As a cemetery enthusiast, I made it to Bonaventure Cemetery to see John Walz’s “Little Gracie,” but I was surprised to learn how many cemetery monuments he sculpted. Many of these markers can be found at other cemeteries, but the largest concentration can be found at Bonaventure.
He was a noted sculptor who was born in Germany but emigrated to Pennsylvania. After the Civil War, Walz studied in Europe under sculptors, Aimé Millet and Viktor Oscar Tilger. In 1886, the Telfair Museum commissioned Walz’s boss to create the monuments in front of the museum. Walz joined his boss and fell in love with his city.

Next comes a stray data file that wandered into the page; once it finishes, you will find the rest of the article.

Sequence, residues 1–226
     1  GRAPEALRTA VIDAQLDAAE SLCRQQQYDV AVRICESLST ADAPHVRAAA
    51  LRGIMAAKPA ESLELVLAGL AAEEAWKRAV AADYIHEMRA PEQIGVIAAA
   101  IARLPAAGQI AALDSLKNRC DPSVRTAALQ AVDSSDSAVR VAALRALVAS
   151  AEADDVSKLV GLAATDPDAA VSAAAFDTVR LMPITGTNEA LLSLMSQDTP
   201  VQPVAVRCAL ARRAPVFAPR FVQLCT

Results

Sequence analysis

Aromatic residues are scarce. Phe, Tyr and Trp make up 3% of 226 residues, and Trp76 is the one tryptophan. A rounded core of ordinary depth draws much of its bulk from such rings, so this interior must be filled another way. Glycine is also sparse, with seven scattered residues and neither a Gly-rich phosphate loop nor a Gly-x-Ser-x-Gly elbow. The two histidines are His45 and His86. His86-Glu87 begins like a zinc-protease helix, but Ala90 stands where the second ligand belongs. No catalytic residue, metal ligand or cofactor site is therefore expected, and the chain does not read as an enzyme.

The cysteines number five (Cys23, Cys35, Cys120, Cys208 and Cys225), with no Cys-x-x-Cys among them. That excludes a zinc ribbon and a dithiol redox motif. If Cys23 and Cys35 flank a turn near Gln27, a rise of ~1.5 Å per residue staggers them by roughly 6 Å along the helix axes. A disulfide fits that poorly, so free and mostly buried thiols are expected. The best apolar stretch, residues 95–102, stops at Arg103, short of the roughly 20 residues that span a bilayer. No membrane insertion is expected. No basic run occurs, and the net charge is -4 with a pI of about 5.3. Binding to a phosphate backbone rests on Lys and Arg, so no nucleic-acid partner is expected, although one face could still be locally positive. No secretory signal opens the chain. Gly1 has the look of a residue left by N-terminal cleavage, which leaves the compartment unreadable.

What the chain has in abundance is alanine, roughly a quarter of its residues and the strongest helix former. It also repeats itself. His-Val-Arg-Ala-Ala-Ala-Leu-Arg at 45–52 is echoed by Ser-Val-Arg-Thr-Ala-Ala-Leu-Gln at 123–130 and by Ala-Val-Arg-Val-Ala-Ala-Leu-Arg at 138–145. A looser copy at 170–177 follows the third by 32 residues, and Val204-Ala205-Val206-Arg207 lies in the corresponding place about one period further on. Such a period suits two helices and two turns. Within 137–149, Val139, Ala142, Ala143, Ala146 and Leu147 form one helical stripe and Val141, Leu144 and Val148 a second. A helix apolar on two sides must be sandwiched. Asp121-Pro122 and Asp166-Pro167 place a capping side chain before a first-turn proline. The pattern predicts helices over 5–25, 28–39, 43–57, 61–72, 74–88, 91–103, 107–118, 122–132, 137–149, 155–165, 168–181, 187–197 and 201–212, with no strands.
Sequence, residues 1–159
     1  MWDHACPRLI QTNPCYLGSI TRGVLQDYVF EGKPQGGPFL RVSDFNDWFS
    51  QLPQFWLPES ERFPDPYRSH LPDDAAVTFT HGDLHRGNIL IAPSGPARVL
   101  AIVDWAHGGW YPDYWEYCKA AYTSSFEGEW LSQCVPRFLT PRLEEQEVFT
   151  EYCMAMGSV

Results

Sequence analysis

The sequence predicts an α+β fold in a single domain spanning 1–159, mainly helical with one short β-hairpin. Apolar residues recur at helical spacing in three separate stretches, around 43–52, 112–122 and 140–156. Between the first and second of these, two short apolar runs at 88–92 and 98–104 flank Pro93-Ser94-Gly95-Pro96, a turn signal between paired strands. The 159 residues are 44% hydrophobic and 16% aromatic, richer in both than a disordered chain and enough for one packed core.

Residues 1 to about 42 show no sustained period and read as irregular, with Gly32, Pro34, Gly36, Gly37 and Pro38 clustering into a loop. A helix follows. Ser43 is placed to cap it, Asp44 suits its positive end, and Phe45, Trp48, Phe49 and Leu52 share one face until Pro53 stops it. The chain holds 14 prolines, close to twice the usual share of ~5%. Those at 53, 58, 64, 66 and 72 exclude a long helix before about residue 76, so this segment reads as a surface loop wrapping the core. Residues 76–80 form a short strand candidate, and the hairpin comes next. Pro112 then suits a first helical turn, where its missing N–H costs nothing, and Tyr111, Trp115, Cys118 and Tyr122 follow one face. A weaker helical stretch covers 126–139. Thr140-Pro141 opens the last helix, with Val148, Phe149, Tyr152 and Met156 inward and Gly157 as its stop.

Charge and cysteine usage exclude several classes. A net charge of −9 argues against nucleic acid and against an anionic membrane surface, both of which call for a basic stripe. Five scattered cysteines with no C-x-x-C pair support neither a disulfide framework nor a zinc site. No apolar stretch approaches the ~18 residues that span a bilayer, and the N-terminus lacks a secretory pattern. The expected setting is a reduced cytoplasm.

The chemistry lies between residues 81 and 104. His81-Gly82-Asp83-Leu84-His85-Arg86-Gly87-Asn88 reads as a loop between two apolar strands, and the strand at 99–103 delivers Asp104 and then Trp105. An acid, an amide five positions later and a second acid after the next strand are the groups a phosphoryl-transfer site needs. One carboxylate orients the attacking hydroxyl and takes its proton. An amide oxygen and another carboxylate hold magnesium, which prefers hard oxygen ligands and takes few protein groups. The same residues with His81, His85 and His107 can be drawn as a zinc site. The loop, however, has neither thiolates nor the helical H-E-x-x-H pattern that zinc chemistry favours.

In an interesting twist, he is buried next to his wife who is buried next to her first husband, Charles Gilmore. They preceded her in death. Unbeknownst to me when I photographed this plot, Sarah’s parents are buried on the plot behind the main marker.
According to Shannon Scott, a Bonaventure Cemetery historian, and guide, there once was a marker on John’s grave, but Sarah had it removed. His grave was unmarked until the Bonaventure Historical Society commissioned the marker you see today.